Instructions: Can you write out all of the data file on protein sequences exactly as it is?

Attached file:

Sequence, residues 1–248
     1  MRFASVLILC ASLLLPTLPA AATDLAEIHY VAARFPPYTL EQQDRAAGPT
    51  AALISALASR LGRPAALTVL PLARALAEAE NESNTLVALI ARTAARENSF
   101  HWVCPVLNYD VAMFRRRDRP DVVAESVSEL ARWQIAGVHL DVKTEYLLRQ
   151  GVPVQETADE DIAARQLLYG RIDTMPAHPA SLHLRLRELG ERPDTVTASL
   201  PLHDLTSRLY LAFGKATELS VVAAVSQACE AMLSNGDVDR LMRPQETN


Sequence, residues 1–248
     1  MRFASVLILC ASLLLPTLPA AATDLAEIHY VAARFPPYTL EQQDRAAGPT
    51  AALISALASR LGRPAALTVL PLARALAEAE NESNTLVALI ARTAARENSF
   101  HWVCPVLNYD VAMFRRRDRP DVVAESVSEL ARWQIAGVHL DVKTEYLLRQ
   151  GVPVQETADE DIAARQLLYG RIDTMPAHPA SLHLRLRELG ERPDTVTASL
   201  PLHDLTSRLY LAFGKATELS VVAAVSQACE AMLSNGDVDR LMRPQETN